As always in my books, I express my personal and professional debt to two sociologists, Norman Miller and Forrest Dill. Norman Miller was my first sociology professor in college and led me in his special way into a discipline and profession that became my life’s calling. Forrest Dill was my adviser in graduate school and helped me in ways too numerous to mention. His untimely death shortly after I began my career robbed the discipline of a fine sociologist and took away a good friend.
My professional life since graduate school has been at the University of Maine, where my colleagues over the years have nurtured my career and provided a wonderful working environment. I trust they will see their concern for social problems reflected in the pages that follow. Thanks to them all for being who they are.
I also thank everyone at Flat World Knowledge for helping bring this text to fruition and for helping today’s students afford high-quality, peer-reviewed textbooks at a time when college costs keep rising while the economy keeps faltering. Special thanks go to Michael Boezi, Vanessa Gennarelli, and Denise Powell, who all worked tirelessly to make this book the best it could be. My efforts also benefited greatly from the many sociologists who reviewed some or all of the text. These reviewers were tough but fair, and I hope they are pleased with the result. As every author should say, any faults that remain are not the reviewers’ responsibility. I am grateful to include their names here:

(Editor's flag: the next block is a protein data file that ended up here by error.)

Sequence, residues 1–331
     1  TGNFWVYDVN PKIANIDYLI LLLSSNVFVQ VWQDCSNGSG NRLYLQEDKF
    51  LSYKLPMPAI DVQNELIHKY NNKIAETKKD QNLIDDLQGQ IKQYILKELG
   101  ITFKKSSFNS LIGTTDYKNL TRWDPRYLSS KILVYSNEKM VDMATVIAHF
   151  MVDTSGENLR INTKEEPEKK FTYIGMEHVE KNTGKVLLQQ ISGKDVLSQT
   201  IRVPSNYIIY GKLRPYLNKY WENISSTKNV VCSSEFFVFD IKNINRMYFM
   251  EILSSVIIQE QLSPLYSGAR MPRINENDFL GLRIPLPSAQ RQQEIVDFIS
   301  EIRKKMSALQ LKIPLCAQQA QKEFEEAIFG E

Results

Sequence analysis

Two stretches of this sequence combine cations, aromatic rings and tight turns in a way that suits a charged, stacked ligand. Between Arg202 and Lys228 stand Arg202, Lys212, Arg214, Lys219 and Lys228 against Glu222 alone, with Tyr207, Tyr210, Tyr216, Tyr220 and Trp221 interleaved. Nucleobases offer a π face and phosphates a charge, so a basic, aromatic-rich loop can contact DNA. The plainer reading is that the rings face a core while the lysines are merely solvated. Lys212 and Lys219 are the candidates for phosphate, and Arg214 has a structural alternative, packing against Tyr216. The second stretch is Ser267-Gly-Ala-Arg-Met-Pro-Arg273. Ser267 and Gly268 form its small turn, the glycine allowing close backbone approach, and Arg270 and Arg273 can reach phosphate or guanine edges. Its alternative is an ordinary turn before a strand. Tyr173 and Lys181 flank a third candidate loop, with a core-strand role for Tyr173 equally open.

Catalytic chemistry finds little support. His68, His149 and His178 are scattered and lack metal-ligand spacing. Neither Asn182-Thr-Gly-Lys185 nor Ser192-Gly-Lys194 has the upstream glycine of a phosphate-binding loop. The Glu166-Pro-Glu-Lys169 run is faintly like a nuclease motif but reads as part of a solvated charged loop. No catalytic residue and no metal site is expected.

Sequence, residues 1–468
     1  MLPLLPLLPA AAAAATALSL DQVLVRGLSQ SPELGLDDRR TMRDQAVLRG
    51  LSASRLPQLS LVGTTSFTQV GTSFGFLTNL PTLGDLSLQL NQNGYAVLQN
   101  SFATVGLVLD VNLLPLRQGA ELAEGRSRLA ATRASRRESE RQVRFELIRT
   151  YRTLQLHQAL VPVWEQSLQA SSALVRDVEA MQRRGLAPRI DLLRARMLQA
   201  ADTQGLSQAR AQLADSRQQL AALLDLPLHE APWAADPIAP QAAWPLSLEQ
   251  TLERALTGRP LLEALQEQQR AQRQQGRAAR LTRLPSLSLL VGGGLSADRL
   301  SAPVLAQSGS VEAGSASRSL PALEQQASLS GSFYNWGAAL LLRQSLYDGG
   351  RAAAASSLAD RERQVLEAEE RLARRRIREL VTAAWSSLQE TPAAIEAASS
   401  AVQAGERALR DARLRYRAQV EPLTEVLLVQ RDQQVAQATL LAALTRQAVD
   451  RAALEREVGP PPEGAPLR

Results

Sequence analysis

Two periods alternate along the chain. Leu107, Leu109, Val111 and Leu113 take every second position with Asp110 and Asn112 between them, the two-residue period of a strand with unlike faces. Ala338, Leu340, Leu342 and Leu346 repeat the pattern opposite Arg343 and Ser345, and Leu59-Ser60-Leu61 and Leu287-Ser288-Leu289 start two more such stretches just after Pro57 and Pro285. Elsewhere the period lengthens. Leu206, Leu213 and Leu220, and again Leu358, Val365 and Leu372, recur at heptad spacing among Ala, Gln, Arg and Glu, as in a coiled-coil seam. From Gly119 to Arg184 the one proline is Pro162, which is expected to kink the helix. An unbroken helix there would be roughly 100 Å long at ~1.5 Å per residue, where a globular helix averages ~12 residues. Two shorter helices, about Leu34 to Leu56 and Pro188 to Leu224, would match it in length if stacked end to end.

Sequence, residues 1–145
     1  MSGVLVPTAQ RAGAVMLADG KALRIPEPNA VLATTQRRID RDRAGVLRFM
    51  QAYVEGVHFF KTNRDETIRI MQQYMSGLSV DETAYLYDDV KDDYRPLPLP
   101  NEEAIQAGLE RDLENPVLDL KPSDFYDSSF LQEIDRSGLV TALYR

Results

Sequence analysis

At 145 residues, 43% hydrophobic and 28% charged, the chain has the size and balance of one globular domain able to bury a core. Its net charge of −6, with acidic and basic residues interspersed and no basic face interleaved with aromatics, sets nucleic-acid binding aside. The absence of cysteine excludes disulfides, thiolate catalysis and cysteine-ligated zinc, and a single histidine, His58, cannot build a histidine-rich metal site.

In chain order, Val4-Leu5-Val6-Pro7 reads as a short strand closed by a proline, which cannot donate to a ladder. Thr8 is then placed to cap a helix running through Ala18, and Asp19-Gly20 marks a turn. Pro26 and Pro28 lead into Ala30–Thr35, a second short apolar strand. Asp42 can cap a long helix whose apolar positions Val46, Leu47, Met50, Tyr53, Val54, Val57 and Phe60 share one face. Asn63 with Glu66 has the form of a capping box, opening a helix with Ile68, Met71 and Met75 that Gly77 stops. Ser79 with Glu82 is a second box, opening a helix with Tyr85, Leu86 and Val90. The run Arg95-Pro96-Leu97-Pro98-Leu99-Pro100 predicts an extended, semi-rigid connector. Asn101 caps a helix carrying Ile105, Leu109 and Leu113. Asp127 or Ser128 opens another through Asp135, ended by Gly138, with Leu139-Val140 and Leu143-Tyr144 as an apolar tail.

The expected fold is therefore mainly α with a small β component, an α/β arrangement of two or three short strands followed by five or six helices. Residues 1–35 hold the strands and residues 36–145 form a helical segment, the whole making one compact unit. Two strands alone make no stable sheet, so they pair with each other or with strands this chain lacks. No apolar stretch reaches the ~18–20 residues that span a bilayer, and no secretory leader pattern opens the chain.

Debra Welkley, California State University–Sacramento
In addition to these reviewers, I would also like to thank Joel Barkan for his valuable comments that improved Chapter 15 "Population and the Environment"’s discussion of environmental problems involving oceans and ocean life.